All people with diabetes aged 16 years and over in Gloucestershire have been given a retinal screening number. This includes those responding and those not responding to the screening invitation. The diabetic registers of all of the 85 general practices in Gloucestershire were used to compile a list of all people known to have diabetes. A total of 12 300 people with diabetes (2.6% of the population) had been identified when this grant application was considered in February 2001 reaching 13 239 in October 2001. Patients with retinal screening numbers on the east Gloucestershire PAS system were matched against all new patient attendance at eye clinic codes on the same system in February 2001 and again in October 2001. For west Gloucestershire, all patients with retinal screening numbers were matched against all new patient attendance to west Gloucestershire eye clinics using NHS number, surname, forename, and date of birth. The retrospective identification of these people with diabetes attending eye clinics was undertaken once the first round of screening had been completed and an accurate list of people with diabetes aged >16 years in the county had been collected.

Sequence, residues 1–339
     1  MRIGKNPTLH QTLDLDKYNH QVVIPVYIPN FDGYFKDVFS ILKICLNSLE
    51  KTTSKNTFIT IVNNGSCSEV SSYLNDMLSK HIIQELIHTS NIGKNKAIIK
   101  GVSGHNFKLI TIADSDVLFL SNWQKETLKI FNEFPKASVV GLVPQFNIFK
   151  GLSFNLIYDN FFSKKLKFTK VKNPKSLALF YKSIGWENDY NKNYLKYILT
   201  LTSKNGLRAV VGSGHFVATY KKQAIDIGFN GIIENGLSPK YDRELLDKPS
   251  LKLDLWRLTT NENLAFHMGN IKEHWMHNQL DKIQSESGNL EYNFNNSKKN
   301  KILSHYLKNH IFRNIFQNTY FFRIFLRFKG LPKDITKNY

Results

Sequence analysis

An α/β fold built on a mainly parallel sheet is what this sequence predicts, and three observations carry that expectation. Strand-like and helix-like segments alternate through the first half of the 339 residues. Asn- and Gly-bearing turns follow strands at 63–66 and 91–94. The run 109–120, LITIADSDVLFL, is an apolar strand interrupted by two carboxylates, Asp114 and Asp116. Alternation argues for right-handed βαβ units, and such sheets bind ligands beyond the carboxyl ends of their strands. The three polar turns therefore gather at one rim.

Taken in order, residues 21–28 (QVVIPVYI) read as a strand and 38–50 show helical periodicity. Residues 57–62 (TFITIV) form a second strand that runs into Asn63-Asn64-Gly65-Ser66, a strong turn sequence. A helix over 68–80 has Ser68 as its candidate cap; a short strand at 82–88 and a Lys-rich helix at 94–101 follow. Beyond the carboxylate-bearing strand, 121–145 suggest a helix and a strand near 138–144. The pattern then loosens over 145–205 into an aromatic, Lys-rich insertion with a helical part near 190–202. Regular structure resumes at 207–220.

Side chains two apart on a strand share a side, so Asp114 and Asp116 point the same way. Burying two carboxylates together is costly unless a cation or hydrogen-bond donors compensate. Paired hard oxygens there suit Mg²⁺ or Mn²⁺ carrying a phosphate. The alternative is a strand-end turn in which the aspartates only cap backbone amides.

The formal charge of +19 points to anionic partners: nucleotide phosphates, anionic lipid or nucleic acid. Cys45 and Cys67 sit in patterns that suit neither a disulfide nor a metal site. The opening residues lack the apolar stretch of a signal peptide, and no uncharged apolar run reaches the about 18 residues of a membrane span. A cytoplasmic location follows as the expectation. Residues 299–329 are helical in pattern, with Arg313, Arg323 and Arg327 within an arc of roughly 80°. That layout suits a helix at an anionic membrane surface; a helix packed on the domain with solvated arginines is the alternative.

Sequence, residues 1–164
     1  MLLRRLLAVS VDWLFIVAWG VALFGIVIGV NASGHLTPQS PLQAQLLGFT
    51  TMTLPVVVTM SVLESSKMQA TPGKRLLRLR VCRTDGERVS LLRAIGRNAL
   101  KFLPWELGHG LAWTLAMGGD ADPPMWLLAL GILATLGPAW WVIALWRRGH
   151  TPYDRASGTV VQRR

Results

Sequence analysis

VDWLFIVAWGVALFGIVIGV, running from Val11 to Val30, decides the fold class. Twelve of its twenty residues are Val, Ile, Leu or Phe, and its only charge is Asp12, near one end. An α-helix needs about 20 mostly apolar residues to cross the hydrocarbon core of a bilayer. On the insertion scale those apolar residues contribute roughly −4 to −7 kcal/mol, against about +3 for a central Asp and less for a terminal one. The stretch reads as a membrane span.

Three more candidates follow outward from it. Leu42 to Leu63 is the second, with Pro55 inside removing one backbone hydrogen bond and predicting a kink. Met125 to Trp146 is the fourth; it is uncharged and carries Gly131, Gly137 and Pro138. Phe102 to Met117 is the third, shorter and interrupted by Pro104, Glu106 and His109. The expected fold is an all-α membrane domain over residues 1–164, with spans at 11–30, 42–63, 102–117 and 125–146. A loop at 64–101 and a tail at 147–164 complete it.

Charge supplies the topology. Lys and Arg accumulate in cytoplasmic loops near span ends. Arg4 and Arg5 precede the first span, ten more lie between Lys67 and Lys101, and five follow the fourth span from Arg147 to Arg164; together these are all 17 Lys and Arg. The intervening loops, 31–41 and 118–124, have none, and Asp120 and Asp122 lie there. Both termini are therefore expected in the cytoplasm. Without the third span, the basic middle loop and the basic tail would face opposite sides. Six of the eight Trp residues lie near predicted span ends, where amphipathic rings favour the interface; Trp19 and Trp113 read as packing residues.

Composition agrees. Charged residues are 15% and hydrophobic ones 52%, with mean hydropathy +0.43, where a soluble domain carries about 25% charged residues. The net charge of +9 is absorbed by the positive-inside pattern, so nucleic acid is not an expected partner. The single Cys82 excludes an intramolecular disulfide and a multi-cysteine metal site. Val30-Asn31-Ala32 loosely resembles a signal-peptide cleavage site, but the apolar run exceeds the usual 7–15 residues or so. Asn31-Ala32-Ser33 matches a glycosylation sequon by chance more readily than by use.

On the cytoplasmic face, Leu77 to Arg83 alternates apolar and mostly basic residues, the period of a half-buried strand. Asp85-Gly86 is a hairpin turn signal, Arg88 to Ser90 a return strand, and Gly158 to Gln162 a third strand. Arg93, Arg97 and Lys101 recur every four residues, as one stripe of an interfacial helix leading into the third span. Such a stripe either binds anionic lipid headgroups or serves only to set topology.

The medical records from all new diabetic referrals to eye outpatient departments in Gloucestershire over 4 years were examined and the following information was recorded:

  • Patient details

  • Type of diabetes care

  • Date of referral letter

  • Date of clinic appointment

  • Route of referral

  • Reason given for referral

  • Date of previous retinal examination (if known)

  • Date of previous retinal photography (if applicable)